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Paperback Homeschooling: The Early Years: Your Complete Guide to Successfully Homeschooling the 3- To 8- Year-Old Child Book

ISBN: 0761520287

ISBN13: 9780761520283

Homeschooling: The Early Years: Your Complete Guide to Successfully Homeschooling the 3- To 8- Year-Old Child

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Book Overview

Discover the Rewards of Homeschooling Your Young Child Young children are full of curiosity, imagination, and a sense of wonder. They're willing to try new things and possess a natural joy of discovery. Yet in a traditional school, these natural behavior traits are too often squelched. That's why more and more parents just like you are choosing to teach their children at home during these critical years--the years that lay the foundation for developing...

Customer Reviews

6 ratings

Dated material

The material in the book is definitely dated for the current year. If you're on the fence about homeschooling, this book definitely give you the peptalk to go for it. If you're currently homeschooling, it's lacking. Not much here, which was a bummer.

A Great Jumping Off Point

This book was the first book I picked up on homeschooling and was an excellent place to start. It has a variety of information on the specifics of homeschooling including some applied ideas. However, it also is chock full of resources and destinations to help guide your journey. It's a great choice for someone who is trying to make the decision about homeschooling. It offers tips on how to boost your own confidence as a homeschooling parent, and even what to do in an "emergency" when you have suddenly withdrawn your child from a school setting. It's light on philosophy which I found refreshing. In other words it doesn't emphasize religious OR secular based learning. It even offers tips on convincing your parents or in-laws that homeschooling is a good choice for you. I highly recommend it!

Encouraging and Exciting!

Linda Dobson's "Homeschoolers' Success Stories" offers an exciting and encouraging picture of the possibile paths and futures of today's homeschoolers. These young people have created hand-made lives; they are carving their own niches in the world. Reading their stories reinforces the hope that homeschooling my children will feed their uniqueness and enable them to make their own, custom, satisfying paths in life. This book would make a great gift for homeschooled teens, as a preview to the places their lives can lead. It would also make a great gift for any homeschooling parent, or even those pesky critical in-laws!

One of the most important books in homeschooling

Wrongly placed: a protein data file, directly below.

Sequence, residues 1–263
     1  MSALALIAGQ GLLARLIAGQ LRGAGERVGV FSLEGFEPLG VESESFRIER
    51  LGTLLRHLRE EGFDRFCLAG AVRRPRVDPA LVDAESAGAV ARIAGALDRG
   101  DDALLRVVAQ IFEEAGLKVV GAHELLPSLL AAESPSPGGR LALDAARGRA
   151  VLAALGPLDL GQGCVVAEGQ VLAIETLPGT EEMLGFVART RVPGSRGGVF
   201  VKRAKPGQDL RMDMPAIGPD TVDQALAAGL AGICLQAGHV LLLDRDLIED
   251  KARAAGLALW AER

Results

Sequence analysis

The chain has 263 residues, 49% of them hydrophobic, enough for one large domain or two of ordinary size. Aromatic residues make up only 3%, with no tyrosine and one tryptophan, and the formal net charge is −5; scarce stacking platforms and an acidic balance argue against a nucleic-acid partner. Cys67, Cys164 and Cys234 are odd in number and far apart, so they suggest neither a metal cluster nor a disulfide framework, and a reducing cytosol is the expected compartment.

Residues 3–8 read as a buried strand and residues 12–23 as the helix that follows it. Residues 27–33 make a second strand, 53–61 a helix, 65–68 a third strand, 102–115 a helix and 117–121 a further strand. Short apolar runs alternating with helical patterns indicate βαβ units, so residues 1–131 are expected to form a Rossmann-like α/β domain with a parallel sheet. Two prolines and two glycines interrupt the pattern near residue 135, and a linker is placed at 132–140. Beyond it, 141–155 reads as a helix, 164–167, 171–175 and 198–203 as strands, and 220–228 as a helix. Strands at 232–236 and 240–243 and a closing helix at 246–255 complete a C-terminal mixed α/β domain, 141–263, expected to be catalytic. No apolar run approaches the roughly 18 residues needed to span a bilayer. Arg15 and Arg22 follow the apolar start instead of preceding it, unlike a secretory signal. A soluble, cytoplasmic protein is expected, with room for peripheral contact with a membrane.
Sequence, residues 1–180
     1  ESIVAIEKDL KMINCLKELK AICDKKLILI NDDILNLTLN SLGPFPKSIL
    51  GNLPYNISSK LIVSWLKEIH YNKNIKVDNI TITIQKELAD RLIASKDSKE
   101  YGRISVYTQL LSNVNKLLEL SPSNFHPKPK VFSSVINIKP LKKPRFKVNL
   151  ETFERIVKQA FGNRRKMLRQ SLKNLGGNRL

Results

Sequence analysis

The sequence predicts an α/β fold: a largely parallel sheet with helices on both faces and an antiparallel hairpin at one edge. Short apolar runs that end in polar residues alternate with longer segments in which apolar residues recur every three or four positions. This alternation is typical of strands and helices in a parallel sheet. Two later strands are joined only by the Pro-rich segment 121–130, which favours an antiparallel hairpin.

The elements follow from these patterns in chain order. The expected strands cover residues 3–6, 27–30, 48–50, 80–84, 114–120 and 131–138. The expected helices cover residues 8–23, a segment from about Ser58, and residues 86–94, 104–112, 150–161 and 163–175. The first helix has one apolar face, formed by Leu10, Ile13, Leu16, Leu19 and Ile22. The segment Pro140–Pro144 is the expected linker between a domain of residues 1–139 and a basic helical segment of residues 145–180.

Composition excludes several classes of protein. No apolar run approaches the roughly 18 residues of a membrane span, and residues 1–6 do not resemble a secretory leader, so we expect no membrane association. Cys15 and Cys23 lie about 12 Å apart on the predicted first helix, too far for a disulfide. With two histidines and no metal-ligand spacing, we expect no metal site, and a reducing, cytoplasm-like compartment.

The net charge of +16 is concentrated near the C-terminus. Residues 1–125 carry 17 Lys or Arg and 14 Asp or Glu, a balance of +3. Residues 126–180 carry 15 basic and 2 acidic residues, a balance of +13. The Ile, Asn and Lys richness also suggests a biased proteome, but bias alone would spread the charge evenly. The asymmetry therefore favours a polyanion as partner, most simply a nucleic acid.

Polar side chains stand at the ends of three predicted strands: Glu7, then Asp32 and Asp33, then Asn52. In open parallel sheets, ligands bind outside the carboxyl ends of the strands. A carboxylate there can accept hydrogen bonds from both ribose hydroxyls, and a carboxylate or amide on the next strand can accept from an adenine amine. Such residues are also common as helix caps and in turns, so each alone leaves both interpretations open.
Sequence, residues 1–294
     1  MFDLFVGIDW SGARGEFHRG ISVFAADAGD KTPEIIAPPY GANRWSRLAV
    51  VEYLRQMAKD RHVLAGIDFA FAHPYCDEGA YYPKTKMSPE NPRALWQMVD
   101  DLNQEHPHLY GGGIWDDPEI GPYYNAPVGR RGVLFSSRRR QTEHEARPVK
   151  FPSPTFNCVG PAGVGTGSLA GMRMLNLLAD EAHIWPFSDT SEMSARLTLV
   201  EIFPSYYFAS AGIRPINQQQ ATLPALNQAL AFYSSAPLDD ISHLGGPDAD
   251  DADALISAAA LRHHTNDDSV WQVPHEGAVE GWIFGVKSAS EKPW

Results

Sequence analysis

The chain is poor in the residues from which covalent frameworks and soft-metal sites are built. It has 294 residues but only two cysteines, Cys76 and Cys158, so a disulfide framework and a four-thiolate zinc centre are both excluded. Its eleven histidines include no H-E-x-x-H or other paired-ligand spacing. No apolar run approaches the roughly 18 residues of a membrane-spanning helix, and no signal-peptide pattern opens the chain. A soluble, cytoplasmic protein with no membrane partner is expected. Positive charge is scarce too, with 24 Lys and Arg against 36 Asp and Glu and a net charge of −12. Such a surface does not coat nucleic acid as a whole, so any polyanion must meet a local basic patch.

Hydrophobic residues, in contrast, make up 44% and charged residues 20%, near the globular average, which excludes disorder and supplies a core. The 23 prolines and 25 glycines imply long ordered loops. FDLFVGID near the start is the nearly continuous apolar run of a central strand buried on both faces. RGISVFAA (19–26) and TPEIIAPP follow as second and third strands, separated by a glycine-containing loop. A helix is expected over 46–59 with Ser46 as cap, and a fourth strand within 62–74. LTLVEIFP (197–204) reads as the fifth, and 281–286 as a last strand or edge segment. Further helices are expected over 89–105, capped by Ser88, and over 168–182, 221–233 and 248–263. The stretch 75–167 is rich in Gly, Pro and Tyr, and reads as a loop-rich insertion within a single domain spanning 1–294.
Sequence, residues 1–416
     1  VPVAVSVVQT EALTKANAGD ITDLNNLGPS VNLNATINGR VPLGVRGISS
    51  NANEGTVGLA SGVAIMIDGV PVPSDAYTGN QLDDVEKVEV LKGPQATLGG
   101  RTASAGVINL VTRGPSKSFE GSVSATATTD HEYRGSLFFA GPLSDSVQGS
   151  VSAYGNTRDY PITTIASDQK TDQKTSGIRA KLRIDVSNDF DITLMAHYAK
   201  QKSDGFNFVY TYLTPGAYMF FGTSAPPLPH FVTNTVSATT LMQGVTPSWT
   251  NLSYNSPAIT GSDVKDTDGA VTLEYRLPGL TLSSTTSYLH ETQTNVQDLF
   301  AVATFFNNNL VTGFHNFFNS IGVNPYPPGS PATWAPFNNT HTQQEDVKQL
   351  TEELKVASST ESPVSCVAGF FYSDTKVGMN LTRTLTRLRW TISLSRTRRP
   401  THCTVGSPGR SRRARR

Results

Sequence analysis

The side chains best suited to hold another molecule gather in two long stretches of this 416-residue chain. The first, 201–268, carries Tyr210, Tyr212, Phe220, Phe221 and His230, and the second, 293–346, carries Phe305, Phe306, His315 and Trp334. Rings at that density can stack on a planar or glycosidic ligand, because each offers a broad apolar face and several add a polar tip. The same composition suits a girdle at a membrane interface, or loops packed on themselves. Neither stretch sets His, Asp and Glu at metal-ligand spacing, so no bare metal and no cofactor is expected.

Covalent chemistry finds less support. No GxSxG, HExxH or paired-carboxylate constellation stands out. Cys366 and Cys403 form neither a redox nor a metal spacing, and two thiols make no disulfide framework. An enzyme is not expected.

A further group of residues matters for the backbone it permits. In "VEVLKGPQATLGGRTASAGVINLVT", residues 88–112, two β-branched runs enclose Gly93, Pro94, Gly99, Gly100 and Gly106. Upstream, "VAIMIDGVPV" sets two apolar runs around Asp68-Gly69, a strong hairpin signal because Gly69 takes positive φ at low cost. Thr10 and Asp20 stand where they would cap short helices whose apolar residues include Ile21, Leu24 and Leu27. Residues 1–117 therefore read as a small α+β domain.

As a book reviewer with Home Education Magazine, I think this is one of the most important books ever written about homeschooling. When considering homeschooling, people want to know how homeschooling will impact their kids. The homeschooling movement is coming of age, and we finally have a body of graduates to look to for answers. The answers those graduates provide in this book will surprise and enlighten even seasoned homeschoolers.In reading this book, I was surprised again and again. The surprises come with the fresh realization of how fulfilling and unique the fruit of anyone's personal passions can be when they're not being run through a mill. The theme of this particular mind banquet was diversity and individuality in full bloom. The important message these graduates deliver is that homeschooling provided them with the opportunity to follow their own dreams and find their unique fulfillment and happiness in ways that might have been completely closed off to them otherwise. This book isn't about getting into an Ivy League college and getting a professional title that denotes success--this book is about the incredible processes people can go through to find their personal satisfaction and success in any number of imaginative ways, Ivy League education among them. You can't read these stories without stretching your mind and questioning a whole lot of cultural assumptions about what "success" is. You'll find more than just success stories, however; the book includes moving and intimate personal responses to questions about how homeschooling impacted their lives.The variety of successful people and stories in this book is amazing. There isn't a butcher, a baker, or a candlestick maker in the crowd, but there's a Broadway performer, a multi-millionaire internet entrepreneur, a firefighter--and a building contractor who sailed solo around the world in his teens, went to Stanford on a scholarship and quit because he didn't want to waste precious time in college. After reading Homeschoolers' Success Stories, I reread Linda Dobson's Introduction. Some words that had puzzled me on first reading took on much clearer meaning the second time around: "Some of what the people featured in this book have to say about education may make you uncomfortable; it's better you know it right from the start rather than discover it halfway through the book. If you don't want to hear any more, put the book back on the shelf and don't buy it. I have no desire to deliver anything you don't want to hear. I'm sure it has something to do with humans' predisposition to kill the messenger." Powerful warning, huh? It's because Homeschoolers' Success Stories gets into some pretty unusual territory, and it will definitely make you rethink some deeply ingrained ideas. The book had a profound impact on my some of my own perceptions, or maybe I should say preconceptions--and I'm sure it will have a similar impact on other readers.Even the